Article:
One does not have to go too far into Haiti to realize that we are a country at war. The face of our enemy is at every corner of the country. We can see it in the face of the children all over the place from Cite Soleil to the remote area of Jean Rabel. Haiti is at war and the enemy is not that of a foreign army, but instead it is the inner soul of each Haitian. To win that war, we must clearly define the signification of being Haitian in today’s world.

We have a systemic handicap that is preventing any progress to take place in our midst. The symptoms of our cultural erosion are well known and experienced by all, and yet for the most part, we are clueless as to how to find the cure. Cohesively, we are a complete failure. Our lack of engagement in the battle for the betterment of our country is leaving a failing legacy for future generations. It is in this light that I want to challenge every sector of the country to meet the greatest challenge facing our nation: Defining the Haitian mentality.

Our issues are numerous and complex. It is time that we publicly declare war against the regressive mentality that is holding our nation hostage. Each one of us may claim to want to see a better Haiti, but until we enter into a debate with our conscience, and ask ourselves how much of us, we are willing to give up for the benefit of our country, it is my belief that we are simply bluffing when it comes to actually facing the reality of the day.

Haiti will survive, and at the end it will be victorious in the battle against oppression, exploitation and extortion. As a people, we must be confident in our ability to continue the battle that our ancestors started many moons ago. It is not a matter to be left to some foreign powers or individuals. The fight for the better Haiti is the duty of every single Haitian citizen. If the common goal is to ameliorate the living conditions for the greater number of people, why then is it so difficult for us all to work together?

We are at war against an invisible enemy, and yet its presence could be felt by all. The depression in the face of the mother who is unable to provide the basic necessities for her children is part of the scar left by the enemy. The betrayal of our sovereignty by our leaders is a result of the strength of the enemy. In this war, we can’t hide or run away from the enemy; therefore we must find the courage to stand and fight.

This is the battle of our generation. We did not ask for this fight, but we have an obligation to defend our existence. We can not surrender, for our forefathers gave up too much to make sure that being Haitian would forever mean being free and independent. We are at the crossroad of determining who we are, and our decision whether to engage the enemy or give up would play a significant role in the continuation of our republic as the symbol of freedom and equality for humanity.

Haiti matters, not because I say so, but because we are the land of inclusion. Our history speaks for itself, we have helped many countries obtaining their freedom, when the great powers of the world thought freedom was an exclusive right belonging to a few. We opened our borders to everyone who felt oppressed in their homeland to come and experience the joy of freedom in Haiti. The survival of Haiti is not only a matter that should worry Haitians, but all friends of human rights.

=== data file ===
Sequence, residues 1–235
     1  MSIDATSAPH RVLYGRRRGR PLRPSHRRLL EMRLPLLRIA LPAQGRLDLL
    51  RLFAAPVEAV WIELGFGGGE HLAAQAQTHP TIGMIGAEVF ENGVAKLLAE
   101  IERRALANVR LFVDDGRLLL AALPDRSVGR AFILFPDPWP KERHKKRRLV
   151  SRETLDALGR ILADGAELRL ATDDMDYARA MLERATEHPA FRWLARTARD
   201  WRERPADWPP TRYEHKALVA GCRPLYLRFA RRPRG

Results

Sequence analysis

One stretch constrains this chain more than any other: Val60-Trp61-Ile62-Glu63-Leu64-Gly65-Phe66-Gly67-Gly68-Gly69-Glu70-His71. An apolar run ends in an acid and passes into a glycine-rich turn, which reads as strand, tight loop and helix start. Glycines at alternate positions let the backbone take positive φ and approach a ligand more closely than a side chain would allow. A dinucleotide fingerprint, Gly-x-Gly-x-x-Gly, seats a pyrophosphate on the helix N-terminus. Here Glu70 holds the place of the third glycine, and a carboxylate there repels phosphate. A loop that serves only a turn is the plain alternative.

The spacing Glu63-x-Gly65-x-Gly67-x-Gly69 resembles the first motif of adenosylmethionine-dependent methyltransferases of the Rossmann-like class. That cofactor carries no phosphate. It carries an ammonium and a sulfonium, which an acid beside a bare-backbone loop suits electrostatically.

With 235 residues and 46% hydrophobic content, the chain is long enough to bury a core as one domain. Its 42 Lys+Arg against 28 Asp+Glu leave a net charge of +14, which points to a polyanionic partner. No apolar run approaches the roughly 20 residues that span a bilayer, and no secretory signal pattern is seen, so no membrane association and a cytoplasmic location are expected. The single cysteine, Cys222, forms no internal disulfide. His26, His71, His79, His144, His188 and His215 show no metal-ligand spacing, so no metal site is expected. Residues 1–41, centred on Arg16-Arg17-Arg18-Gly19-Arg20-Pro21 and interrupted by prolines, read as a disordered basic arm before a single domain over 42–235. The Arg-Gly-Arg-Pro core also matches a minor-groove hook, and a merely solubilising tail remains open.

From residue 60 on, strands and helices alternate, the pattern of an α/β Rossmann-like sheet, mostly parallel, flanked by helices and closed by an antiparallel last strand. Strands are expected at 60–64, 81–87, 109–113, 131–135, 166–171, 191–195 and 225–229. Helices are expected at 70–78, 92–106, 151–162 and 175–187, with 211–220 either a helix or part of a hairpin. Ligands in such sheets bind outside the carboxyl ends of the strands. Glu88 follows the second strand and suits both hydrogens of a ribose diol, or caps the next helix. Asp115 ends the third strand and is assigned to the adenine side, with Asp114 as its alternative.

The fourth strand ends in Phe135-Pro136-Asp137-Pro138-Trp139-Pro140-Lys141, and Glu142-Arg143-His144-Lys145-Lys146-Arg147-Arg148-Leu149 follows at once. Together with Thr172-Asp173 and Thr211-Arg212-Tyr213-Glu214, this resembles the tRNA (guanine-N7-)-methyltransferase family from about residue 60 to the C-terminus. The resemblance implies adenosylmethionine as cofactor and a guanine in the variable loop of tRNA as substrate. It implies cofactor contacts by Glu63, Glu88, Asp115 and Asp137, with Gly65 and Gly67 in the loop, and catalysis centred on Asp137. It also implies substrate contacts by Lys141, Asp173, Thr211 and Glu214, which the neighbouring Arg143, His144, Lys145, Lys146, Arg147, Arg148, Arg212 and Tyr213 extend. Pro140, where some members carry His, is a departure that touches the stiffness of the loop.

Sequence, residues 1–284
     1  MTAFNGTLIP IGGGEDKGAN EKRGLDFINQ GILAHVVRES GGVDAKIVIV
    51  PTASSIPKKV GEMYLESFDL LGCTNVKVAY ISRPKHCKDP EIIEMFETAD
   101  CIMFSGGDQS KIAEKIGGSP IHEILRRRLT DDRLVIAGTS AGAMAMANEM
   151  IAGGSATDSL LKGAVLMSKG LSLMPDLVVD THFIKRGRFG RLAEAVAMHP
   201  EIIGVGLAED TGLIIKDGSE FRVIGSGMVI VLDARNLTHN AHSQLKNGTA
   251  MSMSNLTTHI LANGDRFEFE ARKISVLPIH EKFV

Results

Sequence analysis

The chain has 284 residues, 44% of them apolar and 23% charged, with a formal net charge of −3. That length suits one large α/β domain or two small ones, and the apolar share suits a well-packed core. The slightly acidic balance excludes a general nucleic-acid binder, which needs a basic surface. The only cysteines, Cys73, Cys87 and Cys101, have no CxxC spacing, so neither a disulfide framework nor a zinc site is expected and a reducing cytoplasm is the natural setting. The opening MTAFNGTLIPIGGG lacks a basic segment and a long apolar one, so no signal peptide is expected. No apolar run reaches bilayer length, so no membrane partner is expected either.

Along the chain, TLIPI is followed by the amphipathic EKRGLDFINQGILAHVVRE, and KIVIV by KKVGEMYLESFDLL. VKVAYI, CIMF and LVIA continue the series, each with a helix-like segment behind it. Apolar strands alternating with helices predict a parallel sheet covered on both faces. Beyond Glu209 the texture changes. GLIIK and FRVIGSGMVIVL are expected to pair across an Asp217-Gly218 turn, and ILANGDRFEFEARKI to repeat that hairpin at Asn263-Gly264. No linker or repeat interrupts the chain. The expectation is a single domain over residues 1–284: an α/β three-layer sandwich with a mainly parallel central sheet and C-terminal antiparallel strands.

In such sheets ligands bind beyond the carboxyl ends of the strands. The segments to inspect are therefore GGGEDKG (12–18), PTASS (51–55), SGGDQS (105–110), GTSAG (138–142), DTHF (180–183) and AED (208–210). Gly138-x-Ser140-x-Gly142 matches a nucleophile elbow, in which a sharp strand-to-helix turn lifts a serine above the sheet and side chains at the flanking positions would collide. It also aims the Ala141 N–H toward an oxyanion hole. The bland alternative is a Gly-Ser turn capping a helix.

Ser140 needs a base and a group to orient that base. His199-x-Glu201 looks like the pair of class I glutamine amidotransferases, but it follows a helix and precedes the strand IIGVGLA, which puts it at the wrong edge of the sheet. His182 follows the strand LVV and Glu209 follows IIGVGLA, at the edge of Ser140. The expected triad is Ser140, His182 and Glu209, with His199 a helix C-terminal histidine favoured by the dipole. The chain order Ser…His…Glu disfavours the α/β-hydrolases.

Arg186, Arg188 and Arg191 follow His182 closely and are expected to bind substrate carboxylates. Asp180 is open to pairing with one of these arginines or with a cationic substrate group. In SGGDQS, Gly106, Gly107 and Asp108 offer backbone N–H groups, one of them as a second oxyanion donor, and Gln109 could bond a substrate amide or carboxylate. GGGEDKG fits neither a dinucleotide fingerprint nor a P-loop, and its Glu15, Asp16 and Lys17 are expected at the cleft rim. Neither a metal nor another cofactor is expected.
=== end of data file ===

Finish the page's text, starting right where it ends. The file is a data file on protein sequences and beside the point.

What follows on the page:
In declaring war against the regressive Haitian mentality, we are aware that we are bringing the battle to the front door of all those who support the status quo in Haiti. We understand that we face a very difficult battle, but in order to eradicate this disease that is destroying our society, we must destroy its blood supply. Anyone supporting the enemy is an enemy; hence we must get a declaration from all sectors of the country as to where they stand on this battle.

Our misery will not evaporate by a magical strike. We must become proactive and make things happen. We must design the strategic war plan as to how we will face and defeat the enemy. We have to be undeterred in our final goal, and the mission must be clearly defined. We are in this battle to win. The people who are supporting the regressive Haitian mentality by keeping the majority of the people in darkness, illiteracy, unsanitary conditions, hunger and so forth are on the wrong side of the war. We will fight them with our intelligence, diligence, patience and above all determination.

We are at war against an enemy, which on the surface looks invisible, but its friends are not. We cannot be scared to stand against those who want to destroy our sovereignty. The days for finger pointing are well beyond us, we are entering the battle field with all the weapons we have at our disposal. As Dessalines once asked of his soldiers, if you are not ready to defend the Fort, then you are not man enough to be in his army, today the situation has not changed.

If we are unwilling to defend our sovereignty, then we are not good enough to be Haitians. It is not enough to call ourselves the sons and daughters of Dessalines, to look to celebrate Flag day, Independence day, and yet refuse to go to battle to defend the very ideal of our sovereignty. We can’t hide behind a mountain and throw rocks at the supporters of our enemy. We ought to meet them face-to-face, and fight them until we destroy their will.

We are at war, and at the end, we will be victorious just as our ancestors were in the beginning of the fight. Haiti is not for sale, and it will always remain the property of all Haitians. The enemy will be destroyed, and prosperity will come.

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